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Oil companies need to stop screwing New Jersey drivers at the pump | Opinion

Originally published in the Bergen Record.

Oil companies need to stop screwing New Jersey drivers at the pump | Opinion

By Rep. Bill Pascrell, Jr.

This spring, as gas station prices drastically ticked up amid Vladimir Putin’s illegal invasion of Ukraine, something felt amiss.

It seemed convenient for energy companies that gas prices were rising solely because of the war in Ukraine — and at the exorbitant rates they were climbing.

Within weeks of the start of Russia’s war, the average gallon of gas in New Jersey shot up nearly a dollar. Jumps in other parts of the country were even higher. By the first day of summer, June 21, gas prices in New Jersey peaked at just over $5 a gallon, a rise of approximately 40% from pre-Ukraine war rates.

While Americans from North Jersey to Southern California were miserable, oil executives were gleeful. Profits to oil barons flew through the roof. Oil tycoons were swimming in record profits and announcing rampant stock buybacks to pad their wallets and the wallets of their shareholders.

As New Jersey’s only member of the House committee in change of tax policy, I began to explore why prices were rising so much.

On our committee, I serve as the chairman of the Ways and Means Oversight Subcommittee panel, which exposes abuses of the U.S. tax code. There are many abuses, so we keep busy. But you would be hard-pressed to find more egregious abuses than giant oil companies manipulating the federal tax laws to award themselves dividends and buybacks on the backs of the Americans being hosed at the gas station.

As we commenced our investigation, our committee found something very interesting: several big oil companies enjoy a raft of generous federal tax benefits paid for by the American public.

So I wrote individually to the heads of the 11 oil and gas companies with revenues over one billion dollars. These companies were: Enbridge, Shell, Exxon, BP, Chevron, Marathon Petroleum, Equinor, ConocoPhillips, Pioneer Natural, Devon, and APA. I asked all 11 CEOs how and why they were using federal tax credits and tax laws to balloon their profits.

The numbers are eye-popping. In 2021, these companies made a combined $133 billion in revenue, ranging from $23.5 billion at the high end to $973 million at the low end. Their chief executives did well too: with 2021 compensation packages ranging up to $33 million.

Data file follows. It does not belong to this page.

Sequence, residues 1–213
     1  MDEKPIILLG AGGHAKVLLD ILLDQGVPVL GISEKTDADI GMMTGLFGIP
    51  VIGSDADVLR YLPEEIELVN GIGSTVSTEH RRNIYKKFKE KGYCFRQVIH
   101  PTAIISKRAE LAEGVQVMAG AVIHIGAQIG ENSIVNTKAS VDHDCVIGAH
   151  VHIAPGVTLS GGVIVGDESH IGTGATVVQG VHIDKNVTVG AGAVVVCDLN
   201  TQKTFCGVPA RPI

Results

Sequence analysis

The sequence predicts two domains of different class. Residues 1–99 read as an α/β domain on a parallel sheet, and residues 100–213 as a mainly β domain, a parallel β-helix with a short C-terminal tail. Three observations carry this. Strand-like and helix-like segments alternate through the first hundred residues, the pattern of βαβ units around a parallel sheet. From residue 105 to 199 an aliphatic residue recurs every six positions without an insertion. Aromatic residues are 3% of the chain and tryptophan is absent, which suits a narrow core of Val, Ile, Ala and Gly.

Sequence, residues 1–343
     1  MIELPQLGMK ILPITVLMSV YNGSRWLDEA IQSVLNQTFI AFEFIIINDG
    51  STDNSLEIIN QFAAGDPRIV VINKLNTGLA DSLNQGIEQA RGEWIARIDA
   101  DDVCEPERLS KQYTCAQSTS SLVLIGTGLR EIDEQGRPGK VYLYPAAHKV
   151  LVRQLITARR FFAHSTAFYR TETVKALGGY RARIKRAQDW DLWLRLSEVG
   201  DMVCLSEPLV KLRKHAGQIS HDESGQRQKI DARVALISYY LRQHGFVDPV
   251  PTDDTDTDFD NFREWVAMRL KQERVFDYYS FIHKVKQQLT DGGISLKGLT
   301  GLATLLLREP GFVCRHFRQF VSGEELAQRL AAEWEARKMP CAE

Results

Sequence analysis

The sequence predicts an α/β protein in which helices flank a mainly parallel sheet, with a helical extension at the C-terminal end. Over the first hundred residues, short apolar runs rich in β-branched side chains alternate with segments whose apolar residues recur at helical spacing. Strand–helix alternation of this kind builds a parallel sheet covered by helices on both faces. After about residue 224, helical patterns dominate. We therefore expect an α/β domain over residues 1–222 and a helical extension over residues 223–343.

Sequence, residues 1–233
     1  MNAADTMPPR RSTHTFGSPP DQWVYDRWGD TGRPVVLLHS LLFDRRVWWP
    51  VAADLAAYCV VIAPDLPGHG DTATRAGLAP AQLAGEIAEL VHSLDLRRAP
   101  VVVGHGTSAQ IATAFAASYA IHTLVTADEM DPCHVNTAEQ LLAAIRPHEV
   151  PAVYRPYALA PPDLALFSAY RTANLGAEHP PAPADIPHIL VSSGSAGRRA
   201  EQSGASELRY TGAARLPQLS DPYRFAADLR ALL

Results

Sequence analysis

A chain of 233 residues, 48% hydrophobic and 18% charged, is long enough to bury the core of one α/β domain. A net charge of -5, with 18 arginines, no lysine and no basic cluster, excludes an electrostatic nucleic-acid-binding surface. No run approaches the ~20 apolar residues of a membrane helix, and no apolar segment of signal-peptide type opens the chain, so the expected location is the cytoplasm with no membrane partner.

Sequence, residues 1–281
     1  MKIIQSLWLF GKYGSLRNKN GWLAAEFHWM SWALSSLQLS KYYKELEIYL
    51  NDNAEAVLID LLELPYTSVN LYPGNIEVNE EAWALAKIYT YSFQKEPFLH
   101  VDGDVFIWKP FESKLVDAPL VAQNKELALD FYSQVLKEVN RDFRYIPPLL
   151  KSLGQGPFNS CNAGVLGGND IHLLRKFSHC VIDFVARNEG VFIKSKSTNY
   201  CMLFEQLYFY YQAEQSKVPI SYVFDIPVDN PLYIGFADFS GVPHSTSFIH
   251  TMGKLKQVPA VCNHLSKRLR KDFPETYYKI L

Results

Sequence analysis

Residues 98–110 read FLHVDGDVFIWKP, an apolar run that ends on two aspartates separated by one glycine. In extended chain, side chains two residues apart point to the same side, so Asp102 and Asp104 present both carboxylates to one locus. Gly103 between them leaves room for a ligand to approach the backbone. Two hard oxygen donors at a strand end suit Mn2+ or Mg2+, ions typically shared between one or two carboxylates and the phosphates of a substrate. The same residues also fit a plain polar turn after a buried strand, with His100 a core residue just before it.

For months, our committee followed up and monitored the companies. On Aug. 24, the Ways and Means Committee made public an official report vindicating my suspicions and showing exactly what is happening: these companies failed to ramp up production to meet demand. These companies kept production low so their profits could be sky high – and they’ve used inflation and the Ukraine war as cover for their gouging greed.

That these companies have been cashing in on Americans’ misery is clear — and worsening. In the last several weeks, gas prices have been rising in communities across America. Even in New Jersey the average gallon of gas rose over 25 cents between Sept. 20 and Oct. 11. And in those same three weeks, the national average went from $3.67 to $3.93.

Americans’ anger at these rises is understandable. The pleas and frustration of Americans at gas prices is heard loud and clear. In Washington we have followed gas prices every day and acted on aggressive measures to combat gouging.

On May 19, House Democrats passed the Consumer Fuel Price Gouging Prevention Act, watershed legislation that would crackdown on artificially high gas prices and increase oversight and accountability in the energy market.

But the government’s commitment to end gouging is not shared equally by both of our political parties. Republicans like to blame President Joe Biden, but when we voted on this emergency legislation to help stop big oil companies from robbing us blind at the pump, every Republican in the chamber voted no.

Let me repeat it because it is so stark: every single Republican in Congress voted to keep gas prices inflated.

This winter, when we need to turn up the thermostat to stay toasty, if utility companies try to jack up our rates our bill would let the government crackdown on them and stop the greed. But Republicans still said “hell no.”

Mercilessly wielding the filibuster, Republican senators led by Mitch McConnell are blocking the bill for now 150 days and counting.

Democrats also passed the landmark Inflation Reduction Act that will help lower energy costs for families, reduce overall demand for fossil fuels, and combat climate change. Our historic law offers $9 billion in consumer home energy rebate incentives and new tax credits for electric vehicles and energy-saving appliances.

Reports indicate our new law will drive down energy costs by over $1,000 and make America the world’s leading energy provider.

With the latest unacceptable move by the OPEC cartel led by Saudi Arabia to subsidize Russia’s war in Ukraine, we don’t know how long the current rise at the pump will last.

While the current $3.63 average price isn’t five dollars, it is high and high should not be the acceptable norm. Whether it is another day or another month or worse, Americans are sick and tired of being shaken down trying to fill their cars by billion-dollar companies.

Congress must pass more relief legislation. It’s time to put the brakes on gas gouging once and for all.

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